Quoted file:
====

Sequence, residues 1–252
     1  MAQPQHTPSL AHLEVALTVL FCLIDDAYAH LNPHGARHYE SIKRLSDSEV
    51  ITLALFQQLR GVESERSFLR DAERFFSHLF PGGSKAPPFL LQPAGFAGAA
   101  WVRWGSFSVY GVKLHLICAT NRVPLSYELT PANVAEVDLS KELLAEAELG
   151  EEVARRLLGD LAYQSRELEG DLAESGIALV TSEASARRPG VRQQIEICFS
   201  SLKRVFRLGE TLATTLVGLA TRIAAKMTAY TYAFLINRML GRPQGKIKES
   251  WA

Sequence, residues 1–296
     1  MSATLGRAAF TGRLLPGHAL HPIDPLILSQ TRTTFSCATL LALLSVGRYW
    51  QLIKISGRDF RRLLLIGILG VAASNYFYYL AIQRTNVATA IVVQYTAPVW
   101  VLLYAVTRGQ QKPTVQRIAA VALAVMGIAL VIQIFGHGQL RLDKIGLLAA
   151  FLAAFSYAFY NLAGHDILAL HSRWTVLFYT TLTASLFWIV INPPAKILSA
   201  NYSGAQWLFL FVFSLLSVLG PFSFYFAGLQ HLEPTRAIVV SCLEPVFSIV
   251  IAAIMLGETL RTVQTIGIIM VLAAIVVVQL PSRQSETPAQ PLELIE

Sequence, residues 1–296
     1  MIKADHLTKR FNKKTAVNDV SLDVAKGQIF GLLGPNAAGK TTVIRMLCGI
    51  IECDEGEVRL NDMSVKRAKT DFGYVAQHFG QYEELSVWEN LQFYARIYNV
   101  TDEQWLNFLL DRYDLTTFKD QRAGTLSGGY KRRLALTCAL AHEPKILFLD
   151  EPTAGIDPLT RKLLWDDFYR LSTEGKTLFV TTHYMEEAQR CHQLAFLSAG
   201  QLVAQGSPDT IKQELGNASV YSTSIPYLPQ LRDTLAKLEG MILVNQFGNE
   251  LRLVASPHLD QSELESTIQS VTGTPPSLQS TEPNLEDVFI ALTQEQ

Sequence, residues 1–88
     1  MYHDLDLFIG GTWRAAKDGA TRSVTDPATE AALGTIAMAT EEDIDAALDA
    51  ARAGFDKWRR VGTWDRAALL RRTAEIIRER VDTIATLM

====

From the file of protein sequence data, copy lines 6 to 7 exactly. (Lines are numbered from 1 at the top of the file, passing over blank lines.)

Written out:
   201  SLKRVFRLGE TLATTLVGLA TRIAAKMTAY TYAFLINRML GRPQGKIKES
   251  WA